When Police Can Search Without a Warrant

In general, there are four situations when police can search your person, car or home without a warrant:

If you give consent. If the police ask for your permission to conduct a search and you agree, then a warrant is not necessary to conduct a search. You should never agree to a warrantless search until you have spoken with your criminal defense attorney!

If you have been arrested. If you are placed under arrest, an officer may search your person or the immediate area for any weapons that may potentially be used to harm an officer or for evidence to use against you. This is known as a search incident to an arrest. If they have a reasonable suspicion that there is an accomplice to the crime in your home, they may also enter and perform a cursory search. Any evidence that is in plain view may be confiscated for use against you.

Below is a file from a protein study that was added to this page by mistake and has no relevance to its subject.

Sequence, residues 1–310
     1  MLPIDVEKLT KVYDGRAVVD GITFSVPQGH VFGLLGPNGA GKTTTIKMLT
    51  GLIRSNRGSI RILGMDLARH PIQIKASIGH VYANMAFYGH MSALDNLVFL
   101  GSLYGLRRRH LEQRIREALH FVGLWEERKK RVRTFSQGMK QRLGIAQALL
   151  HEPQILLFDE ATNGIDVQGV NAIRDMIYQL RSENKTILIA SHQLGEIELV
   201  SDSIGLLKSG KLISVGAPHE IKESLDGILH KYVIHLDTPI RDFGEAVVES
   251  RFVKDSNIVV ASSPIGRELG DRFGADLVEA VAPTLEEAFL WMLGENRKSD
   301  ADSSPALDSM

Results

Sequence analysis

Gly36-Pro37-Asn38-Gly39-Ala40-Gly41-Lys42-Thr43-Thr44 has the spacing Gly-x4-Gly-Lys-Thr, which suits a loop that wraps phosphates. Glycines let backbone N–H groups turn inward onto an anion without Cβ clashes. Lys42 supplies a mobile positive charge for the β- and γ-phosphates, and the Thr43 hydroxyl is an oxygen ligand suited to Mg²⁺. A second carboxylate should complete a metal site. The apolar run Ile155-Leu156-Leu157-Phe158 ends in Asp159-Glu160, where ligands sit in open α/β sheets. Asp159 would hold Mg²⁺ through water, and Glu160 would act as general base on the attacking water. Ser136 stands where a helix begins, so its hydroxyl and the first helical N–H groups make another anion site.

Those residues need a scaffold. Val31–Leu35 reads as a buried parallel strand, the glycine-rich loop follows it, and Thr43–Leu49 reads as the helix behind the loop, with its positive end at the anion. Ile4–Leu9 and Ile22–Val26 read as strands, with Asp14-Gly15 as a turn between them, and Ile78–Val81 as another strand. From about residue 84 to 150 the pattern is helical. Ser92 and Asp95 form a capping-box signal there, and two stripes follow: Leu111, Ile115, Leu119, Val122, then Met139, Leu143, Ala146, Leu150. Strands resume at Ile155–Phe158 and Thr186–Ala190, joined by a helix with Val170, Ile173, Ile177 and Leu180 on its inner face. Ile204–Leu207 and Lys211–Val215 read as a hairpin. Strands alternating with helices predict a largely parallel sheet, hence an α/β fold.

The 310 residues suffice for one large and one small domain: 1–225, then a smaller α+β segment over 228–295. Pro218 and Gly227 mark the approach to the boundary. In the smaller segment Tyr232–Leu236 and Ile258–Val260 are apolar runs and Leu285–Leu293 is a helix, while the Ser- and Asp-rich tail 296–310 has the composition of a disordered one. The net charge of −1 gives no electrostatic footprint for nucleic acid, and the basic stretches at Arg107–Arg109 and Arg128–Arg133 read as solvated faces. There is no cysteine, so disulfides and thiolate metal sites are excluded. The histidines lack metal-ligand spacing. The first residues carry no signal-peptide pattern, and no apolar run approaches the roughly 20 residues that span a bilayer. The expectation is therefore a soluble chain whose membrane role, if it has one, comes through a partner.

If evidence is in plain view. If an officer finds evidence in your car, home or other property that is in plain view, they do not need a warrant to seize the evidence or contraband.

The emergency exception. If the police have a reasonable and immediate fear for their own safety or for the safety of someone else, they may conduct a legal search without a warrant. Officers may also conduct a search without a warrant if they feel that evidence is being destroyed or a suspect is attempting to escape.

Whether you are facing a serious federal white-collar prosecution, a state murder charge, or misdemeanor charges, The Cogdell Law Firm has the experience, knowledge and reputation you want for your legal team. When results matter most, contact Dan Cogdell at (713) 426-2244 or info@cogdell-law.com.